By Suganya Balakumar
Mahatma Gandhi once said, “To forget to dig the earth and tend the soil is to forget ourselves”. This reflects the importance given to agriculture in our country. Agriculture continues to be the backbone of the Indian economy. It provides employment to around two-third of the total workforce and constitutes 14 percent of our Gross Domestic Product. Despite this, farmers’ demands and suicides have been in the headlines constantly. Time and again it has been observed that the farmers do not get the remunerative prices for their produce. The recent farmers’ agitation in Madhya Pradesh and Maharashtra attracted the attention of the whole nation. Their main demand was the Minimum Support Price (MSP) for their produce — a fixed price that the government provides to the farmers for their product in order to protect them against market fluctuation. This is caused by the excessive profiteering by the middlemen and the absence of a robust marketing infrastructure along the entire value chain of farming.
A risky venture
The mid-year Economic Survey 2016-17 released on 11th August 2017 enumerates the risks involved in agriculture and suggests solutions for the same. Production risks lead to low yield per hectare. This is contributed by low-quality seeds and their erratic supply, and excessive use of fertilizers. The report suggests that the farmers should be provided with pest and disease-resistant seeds. Also, a standard for quality seeds needs to be enforced. Inefficient irrigation, unreliable rainfall, drought and floods lead to weather and disaster related risks. These risks can be curtailed by increasing the share of irrigated agriculture and maintaining the level of the water table.
Farmers also face credit risks due to their limited access to institutional credit. Though Ground Level Credit (GLC) flow in absolute terms to agriculture has improved over the years, the prevalence of informal sources of finance is a major concern. According to NSSO 70th round data (January-December 2013), 40 percent of farmer loans are from the informal finance sources. Therefore, the availability of formal credit and institutional credit to farmers should be increased.
Uncertainty associated with prices
Price uncertainties are a major concern for the farmers. Price uncertainties are caused by supply and demand fluctuations, and due to hoarding and speculations by traders and middlemen. Because of the perishable nature of their goods, the farmers’ inability to hold or store their produce and insure against losses is affected. The market price is determined by the supply and demand of the product. For example, if there is a shortage of onions in period 1, it receives a higher price in period 1. The farmer expects a higher price in period 2 and produces more onions but the oversupply of onions results in a lower price of onions. In period 3, the supply decreases and the price increases. Therefore, the market price is impacted by shortages and surpluses, but the response of the farmer comes only after a lag. Thus, the farmer does not benefit from the higher prices.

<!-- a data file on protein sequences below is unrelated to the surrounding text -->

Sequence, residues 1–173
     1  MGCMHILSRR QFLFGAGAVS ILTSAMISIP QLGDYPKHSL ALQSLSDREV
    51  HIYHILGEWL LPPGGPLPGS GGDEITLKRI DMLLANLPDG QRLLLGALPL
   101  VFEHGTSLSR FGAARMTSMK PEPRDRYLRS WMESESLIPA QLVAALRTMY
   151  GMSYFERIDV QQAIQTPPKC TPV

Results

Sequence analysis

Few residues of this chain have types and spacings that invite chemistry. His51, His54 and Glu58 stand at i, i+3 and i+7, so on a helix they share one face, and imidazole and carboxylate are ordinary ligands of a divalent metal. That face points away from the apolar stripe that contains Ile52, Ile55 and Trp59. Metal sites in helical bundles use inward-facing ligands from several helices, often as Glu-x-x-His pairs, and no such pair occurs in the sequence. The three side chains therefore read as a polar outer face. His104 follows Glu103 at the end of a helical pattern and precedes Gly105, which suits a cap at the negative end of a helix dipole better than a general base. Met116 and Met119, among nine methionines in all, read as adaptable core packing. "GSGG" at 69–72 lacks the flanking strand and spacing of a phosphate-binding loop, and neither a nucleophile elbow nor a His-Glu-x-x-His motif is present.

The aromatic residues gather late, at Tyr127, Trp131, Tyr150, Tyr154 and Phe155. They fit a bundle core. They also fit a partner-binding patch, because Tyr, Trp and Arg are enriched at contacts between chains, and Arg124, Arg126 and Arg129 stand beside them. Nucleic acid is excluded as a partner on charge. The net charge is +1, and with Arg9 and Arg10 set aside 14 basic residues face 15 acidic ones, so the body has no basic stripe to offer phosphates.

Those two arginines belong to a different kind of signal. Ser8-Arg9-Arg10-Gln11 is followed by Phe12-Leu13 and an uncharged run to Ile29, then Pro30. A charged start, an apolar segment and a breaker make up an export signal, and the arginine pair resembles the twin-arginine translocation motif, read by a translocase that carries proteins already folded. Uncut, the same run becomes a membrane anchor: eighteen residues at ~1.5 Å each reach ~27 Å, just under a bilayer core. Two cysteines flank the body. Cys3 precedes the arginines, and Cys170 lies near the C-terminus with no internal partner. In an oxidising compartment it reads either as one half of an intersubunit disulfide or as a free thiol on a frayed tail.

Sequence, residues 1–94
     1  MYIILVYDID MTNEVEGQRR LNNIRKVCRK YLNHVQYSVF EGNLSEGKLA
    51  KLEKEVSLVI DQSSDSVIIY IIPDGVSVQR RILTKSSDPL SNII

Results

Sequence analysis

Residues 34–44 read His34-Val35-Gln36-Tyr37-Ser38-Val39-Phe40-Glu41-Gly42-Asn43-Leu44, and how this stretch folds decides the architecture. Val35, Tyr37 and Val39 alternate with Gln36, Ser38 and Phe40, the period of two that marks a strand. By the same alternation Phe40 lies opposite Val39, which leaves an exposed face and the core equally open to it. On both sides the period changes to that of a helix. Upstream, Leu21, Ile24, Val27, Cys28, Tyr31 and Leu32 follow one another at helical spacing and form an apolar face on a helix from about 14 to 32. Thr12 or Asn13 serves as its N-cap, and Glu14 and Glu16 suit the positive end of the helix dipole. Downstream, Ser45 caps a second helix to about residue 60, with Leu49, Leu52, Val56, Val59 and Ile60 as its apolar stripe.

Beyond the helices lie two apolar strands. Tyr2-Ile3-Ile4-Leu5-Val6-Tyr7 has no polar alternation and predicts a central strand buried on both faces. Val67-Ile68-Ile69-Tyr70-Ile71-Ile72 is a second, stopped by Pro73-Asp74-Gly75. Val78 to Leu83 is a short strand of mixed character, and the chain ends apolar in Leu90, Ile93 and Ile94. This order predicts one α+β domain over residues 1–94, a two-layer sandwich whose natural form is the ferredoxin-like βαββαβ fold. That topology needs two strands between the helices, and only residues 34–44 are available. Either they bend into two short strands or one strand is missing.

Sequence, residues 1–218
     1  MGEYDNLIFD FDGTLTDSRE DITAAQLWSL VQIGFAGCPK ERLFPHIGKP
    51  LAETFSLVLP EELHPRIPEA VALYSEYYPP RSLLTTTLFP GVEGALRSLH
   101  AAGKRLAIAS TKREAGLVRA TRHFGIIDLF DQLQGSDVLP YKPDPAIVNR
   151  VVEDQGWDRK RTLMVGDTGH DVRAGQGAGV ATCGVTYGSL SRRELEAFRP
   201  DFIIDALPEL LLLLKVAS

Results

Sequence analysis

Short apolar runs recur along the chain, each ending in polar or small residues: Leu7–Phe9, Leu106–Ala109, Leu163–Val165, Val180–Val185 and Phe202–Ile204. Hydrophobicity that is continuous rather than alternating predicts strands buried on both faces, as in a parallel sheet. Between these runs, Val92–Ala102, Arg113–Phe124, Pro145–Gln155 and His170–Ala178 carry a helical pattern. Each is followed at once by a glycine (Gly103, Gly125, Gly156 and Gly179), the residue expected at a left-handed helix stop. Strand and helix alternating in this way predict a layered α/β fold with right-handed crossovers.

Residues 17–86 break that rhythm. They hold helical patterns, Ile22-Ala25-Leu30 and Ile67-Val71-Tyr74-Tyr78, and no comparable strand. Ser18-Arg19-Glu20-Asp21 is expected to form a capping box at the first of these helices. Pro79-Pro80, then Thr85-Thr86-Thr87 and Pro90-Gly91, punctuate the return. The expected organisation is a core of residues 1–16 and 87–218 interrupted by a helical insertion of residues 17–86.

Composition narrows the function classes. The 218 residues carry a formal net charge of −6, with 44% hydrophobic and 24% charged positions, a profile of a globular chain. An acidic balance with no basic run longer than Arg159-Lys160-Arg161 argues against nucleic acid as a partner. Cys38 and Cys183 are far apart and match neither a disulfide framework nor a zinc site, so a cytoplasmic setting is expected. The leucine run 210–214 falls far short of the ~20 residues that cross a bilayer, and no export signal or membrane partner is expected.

A farmer needs to be educated to understand such contra-cyclical patterns. The report suggests that a marketing infrastructure along the value chain needs to be built, and there should be timely interventions by the government. Though the government has announced the Minimum Support Price (MSP) for 23 crops, the awareness on MSP and procurement is low amongst farmers for most crops.
Policies and their impact
The policies of agricultural trade and market policies pursued by the government result in market risks. The agriculture markets operate under the Agricultural Produce Market Committee (APMC) Act of the State governments. The positions in the market committee are occupied by politically influential people who tend to exercise monopoly power and who at times tend to form cartels. The farmers do not benefit from such behaviour.
There are various legislations to regulate the agriculture markets— (i) Model APMC Act, 2016 to replace the present state legislations on markets, (ii) Agricultural Produce Trading (Development and Regulation) Act, 2017, (iii) A law that would regulate contract farming and (iv) A law/regulation that would regulate e-NAM. The report suggests that these laws should be dismantled and there should be a move towards a Common National Agriculture Market as envisaged in the e-NAM initiative.
The way ahead
The report proposes to keep the perishable farm produce outside the purview of present APMC Act so that the farmers are provided with an opportunity to sell the perishables through government’s electronic trading portal and get remunerative prices.
The report suggests that the introduction of High Yielding Variety (HYV) and Genetically Modified seeds can help reduce risks. Agriculture, like any economic activity, has its own risks. The Economic Survey of 2016-17 has done an exceptional job in identifying these risks and providing suggestions to curb these risks. Therefore, managing and reducing these risks will provide stability of income and will increase the profitability for the farmers. Irene Rosenfeld, Chairman and CEO of Kraft Foods once said,“It’s clear that agriculture, done right, is the best means the world has today to simultaneously tackle food security, poverty and environmental degradation.”
Featured Source Image: Pixabay
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